The University of Guelph is probing the minds of grocery shoppers at two new research labs.
Opened this month, the Longo’s Food Retail Lab and the Schneider’s Research Lab were designed to help researchers better understand consumer decision-making, consumption habits and reactions to food advertising.
The Longo’s Food Retail Lab, a 1,400 sq. ft. mock grocery store, will use eye-tracking equipment and cameras to find out how people make purchase decisions. Researchers can look at a wide variety of areas, such as how people make evaluations on price, and how food labels affect their buying decision.
Adjacent to the retail lab is the Schneider’s Research Lab, which is equipped with computers to gauge participants’ reactions to advertising, complete surveys and other analyses.
The labs, located in Macdonald Stewart Hall, were conceived by Mike von Massow, associate professor, food agriculture and resource economics at the University of Guelph. “I’m a food researcher and I’m interested in how people make decisions about food. And so, coming up with a way that would improve our ability to have a natural purchase environment, without actually being in a store, had a lot of appeal to me,” he says.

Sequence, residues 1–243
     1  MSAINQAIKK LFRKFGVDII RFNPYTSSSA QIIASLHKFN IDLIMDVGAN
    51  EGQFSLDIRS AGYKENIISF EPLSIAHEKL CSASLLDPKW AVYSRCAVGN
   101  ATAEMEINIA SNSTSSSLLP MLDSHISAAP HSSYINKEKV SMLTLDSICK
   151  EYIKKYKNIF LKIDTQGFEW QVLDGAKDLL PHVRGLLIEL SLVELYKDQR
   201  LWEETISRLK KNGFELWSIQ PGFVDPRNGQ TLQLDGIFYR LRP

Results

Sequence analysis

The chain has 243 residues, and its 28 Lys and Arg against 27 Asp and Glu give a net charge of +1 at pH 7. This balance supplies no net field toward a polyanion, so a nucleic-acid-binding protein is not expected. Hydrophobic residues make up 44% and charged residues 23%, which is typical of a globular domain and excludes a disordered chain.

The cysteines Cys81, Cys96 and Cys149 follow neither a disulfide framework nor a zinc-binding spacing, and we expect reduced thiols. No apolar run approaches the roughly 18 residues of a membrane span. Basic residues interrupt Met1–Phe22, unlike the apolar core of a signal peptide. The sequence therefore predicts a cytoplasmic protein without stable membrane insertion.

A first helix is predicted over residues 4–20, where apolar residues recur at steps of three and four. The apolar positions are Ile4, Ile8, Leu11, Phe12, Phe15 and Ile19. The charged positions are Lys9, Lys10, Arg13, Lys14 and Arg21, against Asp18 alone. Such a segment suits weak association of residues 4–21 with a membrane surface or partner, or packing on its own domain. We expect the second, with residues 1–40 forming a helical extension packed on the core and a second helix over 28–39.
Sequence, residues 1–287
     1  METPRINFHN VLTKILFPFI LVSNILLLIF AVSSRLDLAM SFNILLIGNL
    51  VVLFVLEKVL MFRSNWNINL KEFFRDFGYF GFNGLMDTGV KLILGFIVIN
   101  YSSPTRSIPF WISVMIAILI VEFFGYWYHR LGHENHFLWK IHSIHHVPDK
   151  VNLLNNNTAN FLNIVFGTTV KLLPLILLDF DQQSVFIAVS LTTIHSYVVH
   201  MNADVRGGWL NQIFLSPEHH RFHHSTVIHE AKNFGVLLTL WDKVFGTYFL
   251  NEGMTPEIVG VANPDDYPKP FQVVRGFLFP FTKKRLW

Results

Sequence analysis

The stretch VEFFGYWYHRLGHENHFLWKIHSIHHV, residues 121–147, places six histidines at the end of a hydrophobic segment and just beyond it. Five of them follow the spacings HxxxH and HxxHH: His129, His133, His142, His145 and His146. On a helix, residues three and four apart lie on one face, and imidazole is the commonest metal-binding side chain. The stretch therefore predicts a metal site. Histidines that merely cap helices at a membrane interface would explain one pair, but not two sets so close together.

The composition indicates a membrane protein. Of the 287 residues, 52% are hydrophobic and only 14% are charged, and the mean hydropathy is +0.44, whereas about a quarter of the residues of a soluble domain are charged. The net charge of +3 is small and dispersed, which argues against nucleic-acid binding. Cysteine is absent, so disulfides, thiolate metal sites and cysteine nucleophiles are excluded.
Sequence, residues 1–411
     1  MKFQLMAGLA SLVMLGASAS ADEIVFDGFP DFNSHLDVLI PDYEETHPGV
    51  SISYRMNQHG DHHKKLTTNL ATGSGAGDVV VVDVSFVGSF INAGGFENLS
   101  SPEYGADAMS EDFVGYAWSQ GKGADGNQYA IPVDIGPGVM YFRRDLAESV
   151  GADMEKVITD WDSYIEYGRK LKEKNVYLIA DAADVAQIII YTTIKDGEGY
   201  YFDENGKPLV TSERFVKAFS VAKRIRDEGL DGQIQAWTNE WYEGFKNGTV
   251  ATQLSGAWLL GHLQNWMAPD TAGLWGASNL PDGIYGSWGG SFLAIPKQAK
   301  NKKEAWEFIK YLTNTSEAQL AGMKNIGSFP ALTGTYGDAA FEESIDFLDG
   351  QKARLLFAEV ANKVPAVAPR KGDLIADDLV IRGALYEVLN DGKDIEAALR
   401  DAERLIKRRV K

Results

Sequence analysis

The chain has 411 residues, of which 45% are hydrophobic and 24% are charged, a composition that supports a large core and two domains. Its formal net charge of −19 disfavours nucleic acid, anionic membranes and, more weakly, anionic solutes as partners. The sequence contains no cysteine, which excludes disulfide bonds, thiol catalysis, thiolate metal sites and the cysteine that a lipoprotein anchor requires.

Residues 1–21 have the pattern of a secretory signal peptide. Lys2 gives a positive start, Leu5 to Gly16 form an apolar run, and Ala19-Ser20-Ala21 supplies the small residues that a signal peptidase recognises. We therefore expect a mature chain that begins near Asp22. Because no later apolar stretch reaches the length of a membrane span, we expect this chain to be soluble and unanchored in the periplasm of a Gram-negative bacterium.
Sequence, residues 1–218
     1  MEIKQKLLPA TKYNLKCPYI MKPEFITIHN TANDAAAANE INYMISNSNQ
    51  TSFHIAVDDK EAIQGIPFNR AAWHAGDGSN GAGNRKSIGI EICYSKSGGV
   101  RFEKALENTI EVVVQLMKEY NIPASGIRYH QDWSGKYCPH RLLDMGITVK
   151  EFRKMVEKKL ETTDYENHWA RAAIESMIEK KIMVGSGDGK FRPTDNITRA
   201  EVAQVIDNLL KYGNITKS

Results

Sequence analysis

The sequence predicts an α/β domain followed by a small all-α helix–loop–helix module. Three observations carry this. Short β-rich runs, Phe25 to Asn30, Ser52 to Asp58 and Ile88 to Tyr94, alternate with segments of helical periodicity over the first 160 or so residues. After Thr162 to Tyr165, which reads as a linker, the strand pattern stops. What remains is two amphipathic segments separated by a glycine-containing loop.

Longo’s has an ongoing partnership with University of Guelph, and had pledged $500,000 over five years to support various research projects. “I was encouraged through the College of Business and Economics to approach Longo’s and say, ‘we could take some of that money and build this infrastructure that will give us a place that we can do really innovative and different research,’” says von Massow.
Schneiders had also given a gift to the university that was intended to go toward food research “and the computer lab component was a perfect outlet for that,” he says.
One of the first research projects is around GMO labels, looking at “do people see the label, do they look at it, do they consider it… and the eye tracking will tell us that,” says von Massow. “Many companies now put GMO labels on the back with the nutrition information, so is that affecting purchase decisions?”
The labs are partnering with suppliers to get packaging without actual food inside.
“Especially for perishable foods, we’d rather have empty packaging with some weight in it, rather than having food that we need to find a home for because it goes bad and then have to replace things all the time,” says von Massow.
The findings will be published in academic journals and online. “And we’ll go out into the industry and talk about it if we’re invited by anyone to come speak about it,” says von Massow. “We’re going to be happy to do that.”